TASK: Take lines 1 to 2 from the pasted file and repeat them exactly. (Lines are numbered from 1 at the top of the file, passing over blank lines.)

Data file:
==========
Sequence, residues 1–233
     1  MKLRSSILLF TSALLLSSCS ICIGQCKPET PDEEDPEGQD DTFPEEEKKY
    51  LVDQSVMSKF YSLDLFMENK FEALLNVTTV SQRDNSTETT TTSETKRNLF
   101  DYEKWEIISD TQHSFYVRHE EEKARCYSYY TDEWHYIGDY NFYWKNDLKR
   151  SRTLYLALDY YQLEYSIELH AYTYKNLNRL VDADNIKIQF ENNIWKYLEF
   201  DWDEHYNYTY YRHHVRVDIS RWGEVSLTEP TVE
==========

Sequence, residues 1–233
     1  MKLRSSILLF TSALLLSSCS ICIGQCKPET PDEEDPEGQD DTFPEEEKKY